St. Stephen by Luis de Morales, 1575


The question of admitting women to holy orders is not a simple one, but is rather dense and complex. In short, the vast majority of the plenteous commentary now on offer, only one day after Pope Francis' seemingly impromptu announcement, no matter the view being expressed (i.e., for or against), with perhaps a few exceptions, is likely gravely deficient in one or more aspect. The blogosphere with its rush to comment on news tends to be very reactionary and the mainstream media tends to be as ideological and it is ignorant when it comes to ecclesiological matters.

Since I am on the subject of deacons, I have to say that I frequently marvel at how marginalized deacons and the diaconate remain. As a case-in-point, I offer the recent announcement of a diocesan synod for the Diocese of San Diego. Bishop Robert McElroy, who serves as bishop of the diocese, in announcing the synod, which will consider five "major challenges"- divorced Catholics, "witnessing to the Catholic understanding of marriage, Church resources for unmarried couples, raising kids, and spirituality within families" - described a synod as bringing "together the bishop, the priestly leadership and lay and religious representatives from throughout the diocese to wrestle with the most important questions that a diocese faces."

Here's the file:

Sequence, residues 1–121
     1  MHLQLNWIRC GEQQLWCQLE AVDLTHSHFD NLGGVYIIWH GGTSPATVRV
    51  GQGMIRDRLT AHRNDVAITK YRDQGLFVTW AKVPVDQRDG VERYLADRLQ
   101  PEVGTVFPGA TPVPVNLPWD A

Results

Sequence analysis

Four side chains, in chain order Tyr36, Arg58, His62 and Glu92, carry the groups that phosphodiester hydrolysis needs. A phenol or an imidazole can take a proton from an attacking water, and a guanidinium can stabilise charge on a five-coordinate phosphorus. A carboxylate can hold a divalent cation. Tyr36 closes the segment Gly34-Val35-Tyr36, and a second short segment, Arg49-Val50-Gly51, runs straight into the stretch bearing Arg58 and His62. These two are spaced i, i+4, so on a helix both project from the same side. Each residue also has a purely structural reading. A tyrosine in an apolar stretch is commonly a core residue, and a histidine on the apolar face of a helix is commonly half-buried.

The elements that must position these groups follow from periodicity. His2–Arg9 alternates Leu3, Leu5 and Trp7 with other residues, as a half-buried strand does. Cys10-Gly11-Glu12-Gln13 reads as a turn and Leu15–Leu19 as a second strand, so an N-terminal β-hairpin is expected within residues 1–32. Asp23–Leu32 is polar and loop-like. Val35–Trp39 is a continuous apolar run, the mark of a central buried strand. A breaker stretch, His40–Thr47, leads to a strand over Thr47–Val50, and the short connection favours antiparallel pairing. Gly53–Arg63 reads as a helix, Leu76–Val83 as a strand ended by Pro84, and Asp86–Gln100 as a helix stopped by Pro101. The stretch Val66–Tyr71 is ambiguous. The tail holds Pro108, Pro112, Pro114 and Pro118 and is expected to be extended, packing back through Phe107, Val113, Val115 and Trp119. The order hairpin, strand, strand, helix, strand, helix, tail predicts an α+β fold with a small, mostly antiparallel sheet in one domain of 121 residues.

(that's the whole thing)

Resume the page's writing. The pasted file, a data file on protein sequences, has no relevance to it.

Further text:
Notably missing from this discussion of the most important questions that local church faces are San Diego's permanent deacons, who number just under 150 according to the website Catholic Hierarchy. As with most dioceses in the United States and abroad, the vast majority of San Diego's permanent deacons are no doubt married with children. You'd think married clerics and their wives might be identified as having valuable inputs given the matters the synod is slated to discuss. I attribute no ill-intent at all to Bishop McElroy. In fact, I congratulate him for convening a diocesan synod. However, his omission of deacons strikes me as something still all too common more than 40 years after the restoration of the renewed diaconate in the wake of the Second Vatican Council.

In my own local Church it is not infrequently that I still hear the phrase "Clergy and deacons." I also sometimes hear about "Clergy Convocations" that include only priests. Of course, there is nothing wrong with holding a Priests' Convocation or a Deacons' Convocation, but then there is a lot right with gathering the entire clergy of a diocese together on, say, an annual basis. There is certainly much to be said for not being unnecessarily, if unintentionally, reductive and exclusive. I do have to point out that both bishops under whom I have served as a deacon were remarkably appreciative of eager to include deacons in the life of the Church here in Utah.

What is the thread connecting these two seemingly disparate matters? Apart from yesterday's off-the-cuff announcement about appointing a committee to study the ministry of women deacons in the early Church, to the best of my knowledge, Pope Francis has said nothing to or about permanent deacons in his more than three years as Pontiff. Perhaps this stems from the fact that the Archdiocese of Buenos Aires, as of 2012, again, according to Catholic Hierarchy, had only 11 permanent deacons. By contrast, the Diocese of Rome, as of 2014, had 122 permanent deacons. Bishop McEloy's omission of deacons from his statement about the upcoming diocesan synod, which I only use to serve as a recent reminder of a very deeply ingrained tendency to overlook deacons, may indicate that conferring the diaconate on women might not be the best way to bring them in from the margins.